The Mendocino Headlands State Park is a 347-acre park that surrounds the village of Mendocino. With spectacular trails and nearby amenities, it's no wonder it is such a popular destination. Don’t forget to bring your binoculars, because whales and birds can be seen throughout the year. You might want to stop by the Ford House visitor center on the southern headlands, where you can learn more about Mendocino’s natural and human history.
The Mendocino Headlands features 70-foot bluffs with views of rocky offshore islands, tidepools, and sandy beaches below. Allow at least an hour to complete the wonderful Mendocino Headlands “loop” on foot. Be sure to never turn your back on the ocean, as it is possible to be swept away. At the west end of Main Street, a path leads to a promontory where there is a blowhole/punchbowl, with steps leading down to Portuguese Beach. Offshore and north of the west end of Little Lake Street is Goat Island, a large flat offshore rock that is part of the California Coastal National Monument. You can see a wide variety of shorebirds and seabirds on this rock. There are public restrooms at the north and south ends of the Headlands- on Heeser Drive and near the Ford House.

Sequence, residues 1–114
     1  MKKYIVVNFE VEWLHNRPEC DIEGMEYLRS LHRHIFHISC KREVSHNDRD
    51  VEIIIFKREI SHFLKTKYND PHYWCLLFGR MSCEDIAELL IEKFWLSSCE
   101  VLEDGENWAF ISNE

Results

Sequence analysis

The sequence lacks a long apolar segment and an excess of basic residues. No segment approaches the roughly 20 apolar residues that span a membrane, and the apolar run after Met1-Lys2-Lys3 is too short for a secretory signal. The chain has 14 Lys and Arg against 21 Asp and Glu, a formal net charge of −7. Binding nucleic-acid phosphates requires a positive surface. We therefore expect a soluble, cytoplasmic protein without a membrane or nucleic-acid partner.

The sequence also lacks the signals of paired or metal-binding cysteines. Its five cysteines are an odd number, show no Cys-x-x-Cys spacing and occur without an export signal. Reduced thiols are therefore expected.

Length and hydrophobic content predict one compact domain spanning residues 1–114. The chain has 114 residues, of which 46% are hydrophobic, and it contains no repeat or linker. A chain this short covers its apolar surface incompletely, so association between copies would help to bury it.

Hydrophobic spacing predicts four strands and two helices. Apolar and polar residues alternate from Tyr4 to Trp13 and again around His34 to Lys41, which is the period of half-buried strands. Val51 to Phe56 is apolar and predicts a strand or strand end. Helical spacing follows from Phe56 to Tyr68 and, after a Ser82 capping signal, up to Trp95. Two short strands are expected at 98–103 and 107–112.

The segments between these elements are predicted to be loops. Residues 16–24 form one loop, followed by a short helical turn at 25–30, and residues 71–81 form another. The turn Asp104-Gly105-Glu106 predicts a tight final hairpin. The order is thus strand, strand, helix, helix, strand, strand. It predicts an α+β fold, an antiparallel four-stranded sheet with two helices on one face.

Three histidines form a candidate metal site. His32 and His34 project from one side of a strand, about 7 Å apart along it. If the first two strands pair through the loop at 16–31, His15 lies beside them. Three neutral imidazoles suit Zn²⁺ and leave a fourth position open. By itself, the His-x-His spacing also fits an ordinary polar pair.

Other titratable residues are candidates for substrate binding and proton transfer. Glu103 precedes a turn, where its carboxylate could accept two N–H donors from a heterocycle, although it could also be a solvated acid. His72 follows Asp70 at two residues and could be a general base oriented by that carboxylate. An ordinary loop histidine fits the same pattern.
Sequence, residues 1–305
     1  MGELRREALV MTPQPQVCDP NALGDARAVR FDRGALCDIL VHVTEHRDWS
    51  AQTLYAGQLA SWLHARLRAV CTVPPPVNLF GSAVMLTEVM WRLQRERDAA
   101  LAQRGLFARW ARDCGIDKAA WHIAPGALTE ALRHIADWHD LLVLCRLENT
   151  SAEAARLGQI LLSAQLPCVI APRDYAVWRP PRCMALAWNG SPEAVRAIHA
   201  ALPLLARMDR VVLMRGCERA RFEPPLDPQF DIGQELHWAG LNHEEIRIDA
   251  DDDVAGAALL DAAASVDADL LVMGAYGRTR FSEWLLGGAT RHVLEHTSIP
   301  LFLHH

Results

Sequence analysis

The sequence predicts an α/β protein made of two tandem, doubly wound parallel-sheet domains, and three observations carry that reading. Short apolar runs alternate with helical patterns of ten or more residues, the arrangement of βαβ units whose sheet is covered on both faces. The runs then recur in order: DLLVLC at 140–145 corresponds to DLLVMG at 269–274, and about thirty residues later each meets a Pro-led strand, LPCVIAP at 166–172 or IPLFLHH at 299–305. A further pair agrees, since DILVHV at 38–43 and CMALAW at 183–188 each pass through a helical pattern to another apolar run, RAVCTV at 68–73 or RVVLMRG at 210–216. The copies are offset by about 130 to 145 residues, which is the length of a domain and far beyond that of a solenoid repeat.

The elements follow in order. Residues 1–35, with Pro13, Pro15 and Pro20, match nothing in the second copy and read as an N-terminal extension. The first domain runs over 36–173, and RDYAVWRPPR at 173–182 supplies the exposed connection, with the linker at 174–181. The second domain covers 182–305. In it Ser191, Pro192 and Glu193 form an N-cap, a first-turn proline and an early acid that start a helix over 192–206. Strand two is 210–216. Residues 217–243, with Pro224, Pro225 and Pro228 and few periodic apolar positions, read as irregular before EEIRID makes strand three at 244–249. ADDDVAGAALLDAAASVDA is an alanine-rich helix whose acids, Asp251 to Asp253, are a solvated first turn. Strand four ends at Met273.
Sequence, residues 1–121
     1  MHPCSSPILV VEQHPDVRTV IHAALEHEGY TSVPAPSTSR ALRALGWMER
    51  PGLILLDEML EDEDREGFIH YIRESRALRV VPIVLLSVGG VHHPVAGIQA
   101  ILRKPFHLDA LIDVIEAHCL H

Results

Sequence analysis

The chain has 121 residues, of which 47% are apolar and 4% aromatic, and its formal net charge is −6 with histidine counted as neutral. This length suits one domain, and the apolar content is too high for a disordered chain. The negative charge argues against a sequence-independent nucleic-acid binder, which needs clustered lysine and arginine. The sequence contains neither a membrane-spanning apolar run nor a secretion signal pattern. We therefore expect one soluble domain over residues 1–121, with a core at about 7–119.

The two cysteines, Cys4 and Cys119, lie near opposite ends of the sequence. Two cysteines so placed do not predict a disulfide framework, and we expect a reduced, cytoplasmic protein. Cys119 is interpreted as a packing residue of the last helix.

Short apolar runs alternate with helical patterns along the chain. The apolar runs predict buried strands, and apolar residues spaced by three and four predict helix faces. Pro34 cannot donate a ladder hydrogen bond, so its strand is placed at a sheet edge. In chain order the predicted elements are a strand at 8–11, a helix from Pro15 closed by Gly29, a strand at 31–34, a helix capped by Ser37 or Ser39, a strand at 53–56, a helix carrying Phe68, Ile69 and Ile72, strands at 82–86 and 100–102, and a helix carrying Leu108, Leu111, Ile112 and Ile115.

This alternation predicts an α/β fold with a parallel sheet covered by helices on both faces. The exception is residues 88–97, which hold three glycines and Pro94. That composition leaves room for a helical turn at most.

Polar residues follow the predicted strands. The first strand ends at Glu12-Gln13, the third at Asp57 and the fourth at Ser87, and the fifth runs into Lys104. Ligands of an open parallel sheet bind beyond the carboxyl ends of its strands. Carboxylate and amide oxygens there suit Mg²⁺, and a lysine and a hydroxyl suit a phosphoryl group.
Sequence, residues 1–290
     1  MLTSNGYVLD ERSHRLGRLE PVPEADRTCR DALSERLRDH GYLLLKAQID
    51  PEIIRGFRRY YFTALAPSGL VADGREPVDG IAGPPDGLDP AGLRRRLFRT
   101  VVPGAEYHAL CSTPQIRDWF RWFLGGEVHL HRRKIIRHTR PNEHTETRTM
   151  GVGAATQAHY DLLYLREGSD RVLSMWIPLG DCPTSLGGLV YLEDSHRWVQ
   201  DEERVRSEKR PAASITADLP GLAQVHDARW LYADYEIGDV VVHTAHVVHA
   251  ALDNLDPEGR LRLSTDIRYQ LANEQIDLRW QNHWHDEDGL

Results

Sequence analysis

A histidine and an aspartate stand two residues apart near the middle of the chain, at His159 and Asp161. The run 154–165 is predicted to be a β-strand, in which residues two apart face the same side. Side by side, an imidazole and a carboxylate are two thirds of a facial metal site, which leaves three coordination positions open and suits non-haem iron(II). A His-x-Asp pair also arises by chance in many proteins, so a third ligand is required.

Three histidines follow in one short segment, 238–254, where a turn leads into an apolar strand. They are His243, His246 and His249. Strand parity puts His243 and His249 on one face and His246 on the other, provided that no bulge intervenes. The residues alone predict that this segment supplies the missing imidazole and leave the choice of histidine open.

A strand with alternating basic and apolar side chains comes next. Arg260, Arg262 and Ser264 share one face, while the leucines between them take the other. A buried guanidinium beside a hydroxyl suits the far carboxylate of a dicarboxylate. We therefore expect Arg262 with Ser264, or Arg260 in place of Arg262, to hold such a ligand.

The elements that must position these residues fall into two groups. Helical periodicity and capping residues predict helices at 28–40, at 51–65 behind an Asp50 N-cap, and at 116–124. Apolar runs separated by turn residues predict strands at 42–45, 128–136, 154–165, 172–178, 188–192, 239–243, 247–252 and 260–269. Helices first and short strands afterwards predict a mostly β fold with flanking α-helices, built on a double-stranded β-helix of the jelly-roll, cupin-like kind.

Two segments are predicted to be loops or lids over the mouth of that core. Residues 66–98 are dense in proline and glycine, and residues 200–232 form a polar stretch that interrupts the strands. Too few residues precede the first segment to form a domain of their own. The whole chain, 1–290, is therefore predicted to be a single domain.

Mendocino was the first of several north coast towns founded between 1851 and 1920, during the height of the lumber industry. German immigrant William Kasten was headed for the gold country in 1850 when his ship ran aground on the Mendocino Coast. In 1851 he filed papers claiming land he called the “Port of Good Hope.” In 1854 Jerome B. Ford, superintendent of the first sawmill in Mendocino and founder of this town, built a home overlooking the Pacific, which is today’s Ford House. The State acquired a portion of these headlands in 1957 and in 1974, through the advocacy of local artist Emmy Lou Packard, this land became what is now Mendocino Headlands State Park.